"I'd Be Far Better Off Without You" / Sandie Shaw
Bit of a palate cleanser, this. You can't follow up Graham Parker with just anybody -- jumping to a completely different era is the only strategy that works for me.
Despite my devotion to Dusty Springfield, and my sneaking affection for Lulu, my third favorite British girl singer of the 1960s wasn't demure Cilla Black, or bright-eyed Petula Clark, or the inscrutably hip Marianne Faithful. No, it was the elegant Sandie Shaw, languid and barefoot and model-beautiful. She was much more popular in Europe than in the States -- I only remember hearing her on the radio for a brief blip in 1964, beginning with "There's Always Something There to Remind Me" (she beat out Dionne and even Dusty for her way with a Bacharach-David song) and ending with the stunning "Girl Don't Come." But to me, Sandie Shaw WAS Swinging London, as iconic of the era as Charlotte Rampling or Julie Christie or the Shrimpton girls.
Well, here's the flip side to "Girl Don't Come" -- in fact, this was originally the A-side, until DJs decided they preferred "Girl Don't Come." To me it's a toss-up; both are fabulous moody songs, with just a whisper of cool jazz sultriness, tailor-made for Sandie's smoke-edged voice. And as it happens, both were written by Chris Andrews, a Pye in-house songwriter who wrote most of Shaw's singles throughout the 60s. Take a listen.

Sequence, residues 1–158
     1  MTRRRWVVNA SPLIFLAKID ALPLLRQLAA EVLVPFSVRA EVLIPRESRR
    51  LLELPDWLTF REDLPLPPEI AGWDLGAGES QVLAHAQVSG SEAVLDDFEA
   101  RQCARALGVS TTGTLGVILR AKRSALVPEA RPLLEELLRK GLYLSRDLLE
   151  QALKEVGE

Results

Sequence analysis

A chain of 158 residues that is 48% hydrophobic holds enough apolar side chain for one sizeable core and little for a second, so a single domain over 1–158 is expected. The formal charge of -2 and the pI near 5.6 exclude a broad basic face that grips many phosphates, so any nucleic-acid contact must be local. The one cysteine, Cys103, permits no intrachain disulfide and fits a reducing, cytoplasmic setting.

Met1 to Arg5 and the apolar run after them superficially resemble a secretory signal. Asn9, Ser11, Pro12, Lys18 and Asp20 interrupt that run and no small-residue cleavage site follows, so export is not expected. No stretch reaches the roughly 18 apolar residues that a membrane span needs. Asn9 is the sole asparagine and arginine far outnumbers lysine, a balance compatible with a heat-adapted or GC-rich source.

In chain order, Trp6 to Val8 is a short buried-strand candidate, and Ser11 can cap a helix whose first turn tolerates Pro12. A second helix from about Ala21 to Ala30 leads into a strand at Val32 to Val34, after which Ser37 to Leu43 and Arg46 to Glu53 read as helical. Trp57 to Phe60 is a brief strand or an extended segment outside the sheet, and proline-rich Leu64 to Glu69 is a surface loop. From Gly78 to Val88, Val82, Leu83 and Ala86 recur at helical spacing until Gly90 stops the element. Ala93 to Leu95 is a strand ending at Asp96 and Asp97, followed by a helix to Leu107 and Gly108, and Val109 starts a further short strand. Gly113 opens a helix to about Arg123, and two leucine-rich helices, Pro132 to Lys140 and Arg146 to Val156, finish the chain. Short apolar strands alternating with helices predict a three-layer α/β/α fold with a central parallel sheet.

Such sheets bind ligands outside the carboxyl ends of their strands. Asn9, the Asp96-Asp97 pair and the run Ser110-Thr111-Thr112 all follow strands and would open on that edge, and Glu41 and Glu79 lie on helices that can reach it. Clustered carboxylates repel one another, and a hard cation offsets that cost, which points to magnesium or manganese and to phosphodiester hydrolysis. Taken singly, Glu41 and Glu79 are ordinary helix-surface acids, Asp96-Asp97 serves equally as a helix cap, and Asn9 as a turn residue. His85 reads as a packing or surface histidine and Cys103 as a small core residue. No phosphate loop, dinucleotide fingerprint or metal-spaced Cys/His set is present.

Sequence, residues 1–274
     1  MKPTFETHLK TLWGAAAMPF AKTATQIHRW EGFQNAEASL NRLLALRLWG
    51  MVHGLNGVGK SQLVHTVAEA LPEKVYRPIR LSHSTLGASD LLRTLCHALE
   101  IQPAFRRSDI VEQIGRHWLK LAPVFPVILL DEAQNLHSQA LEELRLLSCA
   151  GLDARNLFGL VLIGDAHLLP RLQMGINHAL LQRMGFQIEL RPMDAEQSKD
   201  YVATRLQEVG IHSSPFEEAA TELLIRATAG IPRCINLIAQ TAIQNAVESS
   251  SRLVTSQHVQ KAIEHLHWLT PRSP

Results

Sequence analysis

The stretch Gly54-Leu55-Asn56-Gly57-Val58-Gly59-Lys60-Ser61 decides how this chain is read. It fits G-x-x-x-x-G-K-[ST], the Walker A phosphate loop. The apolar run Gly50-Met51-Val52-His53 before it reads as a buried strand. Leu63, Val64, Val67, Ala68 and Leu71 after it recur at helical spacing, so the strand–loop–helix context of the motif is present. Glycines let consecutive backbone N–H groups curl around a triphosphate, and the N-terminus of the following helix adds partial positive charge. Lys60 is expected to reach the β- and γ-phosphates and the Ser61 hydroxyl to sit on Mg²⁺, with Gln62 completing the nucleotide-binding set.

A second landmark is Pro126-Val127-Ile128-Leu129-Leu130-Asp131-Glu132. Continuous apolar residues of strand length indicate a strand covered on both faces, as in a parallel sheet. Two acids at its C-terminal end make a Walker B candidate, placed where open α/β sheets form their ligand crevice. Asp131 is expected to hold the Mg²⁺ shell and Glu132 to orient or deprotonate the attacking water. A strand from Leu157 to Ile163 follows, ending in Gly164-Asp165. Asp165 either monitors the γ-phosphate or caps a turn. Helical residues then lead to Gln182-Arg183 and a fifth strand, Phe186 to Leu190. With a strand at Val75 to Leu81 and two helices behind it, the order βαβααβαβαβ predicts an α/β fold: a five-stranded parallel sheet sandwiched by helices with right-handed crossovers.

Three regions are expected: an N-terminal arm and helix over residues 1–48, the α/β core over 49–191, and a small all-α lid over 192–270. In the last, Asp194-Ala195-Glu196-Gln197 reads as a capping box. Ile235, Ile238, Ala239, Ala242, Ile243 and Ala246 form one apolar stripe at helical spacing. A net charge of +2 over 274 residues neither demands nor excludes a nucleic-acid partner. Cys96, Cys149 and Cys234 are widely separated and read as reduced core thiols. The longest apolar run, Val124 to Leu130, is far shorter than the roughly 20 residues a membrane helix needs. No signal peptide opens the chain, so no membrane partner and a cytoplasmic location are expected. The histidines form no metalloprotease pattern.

To be honest, I haven't much to say about this song. It's definitely more pop than rock -- those crisp L.A.-style horns, that sashaying samba beat -- and I should cringe at its message of a woman helplessly mired in a love affair with a man who doesn't appreciate her. Then again, this is nothing compared to some of Dusty's most clinging, co-dependent songs ("I Close My Eyes and Count to Ten," "You Don't to Say You Love Me"), and you know how much I love those tracks.
And ultimately Sandie lashes back, shifting into "You Don't Own Me" mode in the bridge -- hear her kittenish voice turn into a tigress's snarl as she declares "'For without you I'd be free / Free to go where I want to, / See what I want to, / Do what I want to." That Sixties ideal of the free-spirited bird, leaping into some impossibly tiny sportscar with her mini-skirt and patent-leather boots, carelessly flipping her long windswept hair -- it's hardly "I am woman, hear me roar," but it wins for glamour, hands down.
We'd have to wait for the 70s to get true rock chicks, empowered babes like Joan Jett and Chrissie Hynde and (I suppose) Stevie Nicks. They had big voices and tough attitudes; they had brains and guts and could totally take care of themselves. But did I ever want to be them? No, I'm sorry to say, I did not. For better or worse, I wanted to be Sandie Shaw. Which really explains a lot. . .